When at home, at Newhaven or Fisherrow, they made and mended their
husbands' nets, put their fishing tackle to rights, and when the
fishing boats came in they took the fish to market at Edinburgh.
To see the groups of these hard-working women trudging along with their
heavy creels on their backs, clothed in their remarkable costume,
with their striped petticoats kilted up and showing their sturdy legs,
was indeed a remarkable sight. They were cheerful and good-natured,
but very outspoken. Their skins were clear and ruddy, and many of the
young fishwives were handsome and pretty. They were, in fact, the
incarnation of robust health. In dealing with them at the Fish Market
there was a good deal of higgling. They often asked two or three times
more than the fish were worth--at least, according to the then market
price. After a stormy night, during which the husbands and sons had
toiled to catch the fish, on the usual question being asked,
"Weel, Janet, hoo's haddies the day!" "Haddies, mem? Ou, haddies is
men's lives the day!" which was often true, as haddocks were often
caught at the risk of their husbands' lives. After the usual amount of
higgling, the haddies were brought down to their proper market price,
--sometimes a penny for a good haddock, or, when herrings were rife,
a dozen herrings for twopence, crabs for a penny, and lobsters for
threepence. For there were no railways then to convey the fish to
England, and thus equalise the price for all classes of the community.

Let me mention here a controversy between a fishwife and a buyer called
Thomson. the buyer offered a price so ridiculously small for a parcel
of fish that the seller became quite indignant, and she terminated at
once all further higgling. Looking up to him, she said, "Lord help yer
e'e-sight, Maister Tamson!" "Lord help my e'e-sight, woman! What has
that to do with it?" "Ou," said she, "because ye ha'e nae nose to put
spectacles on!" As it happened, poor Mr. Thomson had, by some accident
or disease, so little of a nose left, if any at all, that the bridge of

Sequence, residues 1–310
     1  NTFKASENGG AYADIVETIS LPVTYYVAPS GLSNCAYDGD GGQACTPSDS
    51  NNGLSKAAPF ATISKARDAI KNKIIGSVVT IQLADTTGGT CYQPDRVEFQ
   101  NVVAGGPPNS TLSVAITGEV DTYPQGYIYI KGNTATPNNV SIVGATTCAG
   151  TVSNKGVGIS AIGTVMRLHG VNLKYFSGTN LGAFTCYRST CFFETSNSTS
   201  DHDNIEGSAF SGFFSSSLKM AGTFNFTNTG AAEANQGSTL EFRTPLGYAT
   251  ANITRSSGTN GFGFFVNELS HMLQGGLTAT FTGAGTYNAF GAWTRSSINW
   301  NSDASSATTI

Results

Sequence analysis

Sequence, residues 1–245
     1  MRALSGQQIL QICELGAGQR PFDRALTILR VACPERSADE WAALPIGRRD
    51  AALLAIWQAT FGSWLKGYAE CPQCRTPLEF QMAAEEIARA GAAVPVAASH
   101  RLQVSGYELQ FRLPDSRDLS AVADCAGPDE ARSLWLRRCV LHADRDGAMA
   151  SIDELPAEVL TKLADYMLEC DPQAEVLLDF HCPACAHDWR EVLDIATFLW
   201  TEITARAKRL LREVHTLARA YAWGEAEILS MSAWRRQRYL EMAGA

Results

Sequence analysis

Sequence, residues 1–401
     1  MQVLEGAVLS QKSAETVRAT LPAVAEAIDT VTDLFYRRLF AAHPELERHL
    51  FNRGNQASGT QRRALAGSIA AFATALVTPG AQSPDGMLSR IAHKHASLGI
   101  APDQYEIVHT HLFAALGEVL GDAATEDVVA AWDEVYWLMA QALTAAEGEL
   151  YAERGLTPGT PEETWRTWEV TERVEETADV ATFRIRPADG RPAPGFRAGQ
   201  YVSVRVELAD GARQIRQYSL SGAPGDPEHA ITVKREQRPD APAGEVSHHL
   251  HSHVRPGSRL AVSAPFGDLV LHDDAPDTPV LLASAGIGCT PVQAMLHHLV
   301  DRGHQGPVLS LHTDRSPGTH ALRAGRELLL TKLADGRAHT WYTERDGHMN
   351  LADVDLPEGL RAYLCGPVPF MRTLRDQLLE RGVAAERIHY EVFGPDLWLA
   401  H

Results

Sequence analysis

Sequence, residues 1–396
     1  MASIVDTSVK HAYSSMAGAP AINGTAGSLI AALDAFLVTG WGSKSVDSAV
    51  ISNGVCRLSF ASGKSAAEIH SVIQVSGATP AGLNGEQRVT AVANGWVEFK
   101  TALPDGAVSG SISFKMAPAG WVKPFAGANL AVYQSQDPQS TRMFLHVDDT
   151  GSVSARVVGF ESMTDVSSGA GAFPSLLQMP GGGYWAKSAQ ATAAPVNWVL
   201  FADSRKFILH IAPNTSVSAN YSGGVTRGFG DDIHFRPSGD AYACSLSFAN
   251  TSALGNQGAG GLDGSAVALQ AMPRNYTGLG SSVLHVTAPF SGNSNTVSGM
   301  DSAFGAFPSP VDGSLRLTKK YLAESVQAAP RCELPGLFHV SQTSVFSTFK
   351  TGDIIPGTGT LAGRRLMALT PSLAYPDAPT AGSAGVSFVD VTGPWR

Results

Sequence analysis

the nose for holding up the spectacles was almost entirely wanting.
And thus did the fishwife retaliate on her niggardly customer.

When my mother had got her fish laid at the bottom of the creel, she
next went to the "flesher" for her butcher-meat. There was no higgling
here, for the meat was sold at the ordinary market price. Then came the
poultry stratum; then the vegetables, or fruits in their season;
and, finally, there was "the floore"--a bunch of flowers;
not a costly bouquet, but a, large assortment of wallflowers, daffodils
(with their early spring fragrance), polyanthuses, lilacs, gilly-flowers,
and the glorious old-fashioned cabbage rose, as well as the even more
gloriously fragrant moss rose. The caddy's creel was then topped up,
and the marketing was completed. The lady was followed home; the
contents were placed in the larder; and the flowers distributed all
over the house.

I have many curious traditional evidences of the great fondness for
cats which distinguished the Nasmyth family for several generations.
My father had always one or two of such domestic favourites, who were,
in the best sense, his "familiars." Their quiet, companionable habits
rendered them very acceptable company when engaged in his artistic
work. I know of no sound so pleasantly tranquillising as the purring
of a cat, or of anything more worthy of admiration in animal habit as
the neat, compact, and elegant manner in which the cat adjusts itself
at the fireside, or in a snug, cosy place, when it settles down for a
long quiet sleep. Every spare moment that a cat has before lying down
to rest is occupied in carefully cleaning itself, even under adverse
circumstances. The cat is the true original inventor of a sanitary
process, which has lately been patented and paraded before the public
as a sanitary novelty; and yet it has been in practice ever since cats
were created. Would that men and women were more alive to habitual
cleanliness--even the cleanliness of cats. The kindly and gentle
animal gives us all a lesson in these respects.

Then, nothing can be more beautiful in animal action than the
exquisitely precise and graceful manner in which the cat exerts the
exact amount of effort requisite to land it at the height and spot it
wishes to reach at one bound. The neat and delicately precise manner
in which cats use their paws when playing with those who habitually
treat them with gentle kindness is truly admirable. In these respects
cats are entitled to the most kindly regard. There are, unfortunately,
many who entertain a strong prejudice against this most perfect and
beautiful member of the animal creation, and who abuse them because
they resist ill-treatment, occasioned by their innate feeling of
independence. Cats have no doubt less personal attachment than dogs,
but when kindly treated they become in many respects attached and
affectionate animals.

My father, when a boy, made occasional visits to Hamilton, in the West